Organic foods on the rise among young Europeans

7 Oct 2019

Young people are now among the biggest consumers of organic foods and beverages in Europe – and manufacturers may need to rethink their organic brands if they want to appeal to the next generation.

According to market research organisation Mintel, about three-quarters of shoppers in five European markets buy organic food, and about a third do so at least once a week. But while organic food has long reassured consumers that they are buying chemical-free, safe and clean label products, it says the reasons for buying organic are evolving. In a recent survey, Mintel found organic shoppers aged 16-24 were more concerned with ethical and environmental concerns than those in other age groups, and often were looking for more than organic certification alone.

Organic foods on the rise among young Europeans
Organic claims may not be enough for a new generation of ethically minded shoppers

The promise of healthy, ethical and environmentally friendly foods is still very important for younger generations, but increasingly, younger generations are seeking assurances of broader sustainability and integrity in the supply chain. This may mean that organic is not the primary marketing message, presenting both a challenge and an opportunity for food manufacturers. Mintel suggests that brands need to embed their organic claims within wider messages of sustainability, and build brand identity around a genuine set of ethical principles.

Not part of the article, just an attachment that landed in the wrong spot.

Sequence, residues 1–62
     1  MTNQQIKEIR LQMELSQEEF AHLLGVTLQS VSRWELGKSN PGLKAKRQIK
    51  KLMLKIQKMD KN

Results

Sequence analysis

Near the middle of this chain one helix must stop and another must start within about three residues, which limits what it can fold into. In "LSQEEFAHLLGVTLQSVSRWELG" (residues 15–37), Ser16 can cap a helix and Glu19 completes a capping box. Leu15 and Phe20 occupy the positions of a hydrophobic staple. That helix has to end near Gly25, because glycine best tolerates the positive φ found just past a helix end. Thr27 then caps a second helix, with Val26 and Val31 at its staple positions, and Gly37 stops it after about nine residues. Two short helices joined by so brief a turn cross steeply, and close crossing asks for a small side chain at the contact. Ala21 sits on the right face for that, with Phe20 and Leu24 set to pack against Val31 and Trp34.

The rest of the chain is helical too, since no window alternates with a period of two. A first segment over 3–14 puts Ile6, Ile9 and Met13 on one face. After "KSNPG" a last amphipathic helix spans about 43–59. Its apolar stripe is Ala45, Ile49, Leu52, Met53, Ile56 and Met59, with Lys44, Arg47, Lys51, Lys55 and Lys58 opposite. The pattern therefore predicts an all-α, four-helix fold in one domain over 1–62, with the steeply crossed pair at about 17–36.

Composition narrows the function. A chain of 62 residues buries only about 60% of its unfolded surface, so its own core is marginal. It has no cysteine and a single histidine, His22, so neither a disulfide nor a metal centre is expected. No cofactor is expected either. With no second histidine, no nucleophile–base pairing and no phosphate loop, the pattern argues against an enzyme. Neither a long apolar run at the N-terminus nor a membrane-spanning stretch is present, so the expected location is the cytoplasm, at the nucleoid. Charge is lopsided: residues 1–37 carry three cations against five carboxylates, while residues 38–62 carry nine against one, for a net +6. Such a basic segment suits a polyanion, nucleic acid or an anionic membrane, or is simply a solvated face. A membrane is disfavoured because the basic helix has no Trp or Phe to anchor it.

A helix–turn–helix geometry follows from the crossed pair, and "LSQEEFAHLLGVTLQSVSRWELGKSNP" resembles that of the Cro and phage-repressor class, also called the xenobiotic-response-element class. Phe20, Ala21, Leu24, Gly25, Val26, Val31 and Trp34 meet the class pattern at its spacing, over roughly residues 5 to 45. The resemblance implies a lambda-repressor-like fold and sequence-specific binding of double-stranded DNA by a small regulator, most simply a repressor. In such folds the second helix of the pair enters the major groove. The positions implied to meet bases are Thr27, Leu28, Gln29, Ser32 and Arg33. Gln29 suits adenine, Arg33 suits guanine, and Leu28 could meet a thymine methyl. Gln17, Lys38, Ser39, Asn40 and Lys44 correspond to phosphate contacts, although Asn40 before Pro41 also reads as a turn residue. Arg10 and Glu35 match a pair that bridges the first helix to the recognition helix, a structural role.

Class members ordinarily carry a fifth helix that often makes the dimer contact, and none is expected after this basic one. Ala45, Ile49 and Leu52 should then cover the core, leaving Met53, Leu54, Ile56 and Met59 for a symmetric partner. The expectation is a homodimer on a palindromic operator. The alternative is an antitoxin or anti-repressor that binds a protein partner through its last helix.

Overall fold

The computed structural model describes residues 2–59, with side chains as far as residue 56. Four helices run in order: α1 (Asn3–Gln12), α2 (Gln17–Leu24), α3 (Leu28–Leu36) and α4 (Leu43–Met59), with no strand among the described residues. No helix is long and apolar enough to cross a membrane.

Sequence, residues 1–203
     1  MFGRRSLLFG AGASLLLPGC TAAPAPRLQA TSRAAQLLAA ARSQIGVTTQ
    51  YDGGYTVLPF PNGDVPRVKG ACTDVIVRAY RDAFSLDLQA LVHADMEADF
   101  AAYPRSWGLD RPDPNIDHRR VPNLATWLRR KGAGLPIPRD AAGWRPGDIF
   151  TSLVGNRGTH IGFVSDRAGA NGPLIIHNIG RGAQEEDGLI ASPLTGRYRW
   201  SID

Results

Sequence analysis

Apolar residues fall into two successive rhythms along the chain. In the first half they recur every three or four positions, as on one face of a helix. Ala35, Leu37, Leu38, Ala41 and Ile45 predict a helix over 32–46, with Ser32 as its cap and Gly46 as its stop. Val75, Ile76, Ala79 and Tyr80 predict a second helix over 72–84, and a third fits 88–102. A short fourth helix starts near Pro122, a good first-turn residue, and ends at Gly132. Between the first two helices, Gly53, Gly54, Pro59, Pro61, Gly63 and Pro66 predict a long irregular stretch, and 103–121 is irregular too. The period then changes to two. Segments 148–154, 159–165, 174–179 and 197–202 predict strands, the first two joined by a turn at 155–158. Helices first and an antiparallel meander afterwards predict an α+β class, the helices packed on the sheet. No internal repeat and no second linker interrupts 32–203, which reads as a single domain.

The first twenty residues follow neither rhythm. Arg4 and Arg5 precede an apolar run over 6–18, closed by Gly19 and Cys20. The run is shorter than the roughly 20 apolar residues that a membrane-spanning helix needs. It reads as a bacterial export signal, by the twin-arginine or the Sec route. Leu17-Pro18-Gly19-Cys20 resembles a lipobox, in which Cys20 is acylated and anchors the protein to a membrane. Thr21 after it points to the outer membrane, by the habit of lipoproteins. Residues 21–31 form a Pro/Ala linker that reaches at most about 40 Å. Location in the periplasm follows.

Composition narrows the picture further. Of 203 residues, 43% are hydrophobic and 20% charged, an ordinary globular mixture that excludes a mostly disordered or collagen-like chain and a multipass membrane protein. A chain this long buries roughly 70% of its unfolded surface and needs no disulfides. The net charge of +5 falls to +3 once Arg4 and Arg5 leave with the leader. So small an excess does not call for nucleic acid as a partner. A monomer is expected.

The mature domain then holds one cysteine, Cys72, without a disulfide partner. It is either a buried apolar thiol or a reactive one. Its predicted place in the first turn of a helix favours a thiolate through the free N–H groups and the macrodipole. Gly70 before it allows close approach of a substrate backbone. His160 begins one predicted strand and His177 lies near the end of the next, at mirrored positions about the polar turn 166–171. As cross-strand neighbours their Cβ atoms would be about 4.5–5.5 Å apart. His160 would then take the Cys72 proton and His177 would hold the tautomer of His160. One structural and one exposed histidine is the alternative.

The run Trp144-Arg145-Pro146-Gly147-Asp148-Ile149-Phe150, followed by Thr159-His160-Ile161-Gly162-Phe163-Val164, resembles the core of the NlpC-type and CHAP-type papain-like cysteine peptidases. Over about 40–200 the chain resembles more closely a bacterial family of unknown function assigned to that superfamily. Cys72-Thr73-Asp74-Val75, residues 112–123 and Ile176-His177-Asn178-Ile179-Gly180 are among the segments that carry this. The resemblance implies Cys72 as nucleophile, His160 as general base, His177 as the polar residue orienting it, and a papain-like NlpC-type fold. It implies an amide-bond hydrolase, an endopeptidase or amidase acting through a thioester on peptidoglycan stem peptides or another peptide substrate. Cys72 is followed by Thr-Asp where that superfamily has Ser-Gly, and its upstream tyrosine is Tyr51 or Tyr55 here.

For food companies, the organic sector holds obvious appeal, as worldwide sales of organic foods and beverages nearly quadrupled from 2002 to 2016, according to market researcher Ecovia. Mintel’s Global New Products Database shows the annual number of organic new product launches has increased 147% since 2010.

In response to growing market demand, food ingredient companies have been increasing their ranges of organic options. Although basic foods like fruits, vegetables, grains, meat, eggs and dairy are the biggest categories for organic foods, manufacturers of specialty ingredients have started to ramp up production of organically sourced products too. Naturex, for example, says there is particularly high demand for colours and extracts from organic carrot, red beet, kale, broccoli, berries and acerola; and demand for organic specialty oils also is growing, as food manufacturers increasingly are looking for options that allow them to differentiate their organic products by seeking out organic sourcing for all of their ingredients. Dutch supplier De Wit, for example, says about half of its hemp seed oil and pumpkinseed oil is organic.

Although manufacturers in Europe and the United States can use some organic claims on-pack even if their products contain small quantities of non-organic ingredients, rising interest in the integrity of foods and food production may spur more brands to chase 100% organic claims. It seems likely that such a whole-product approach may be exactly the kind of tactic that appeals to the upcoming generation of health-conscious and environmentally conscious young consumers.

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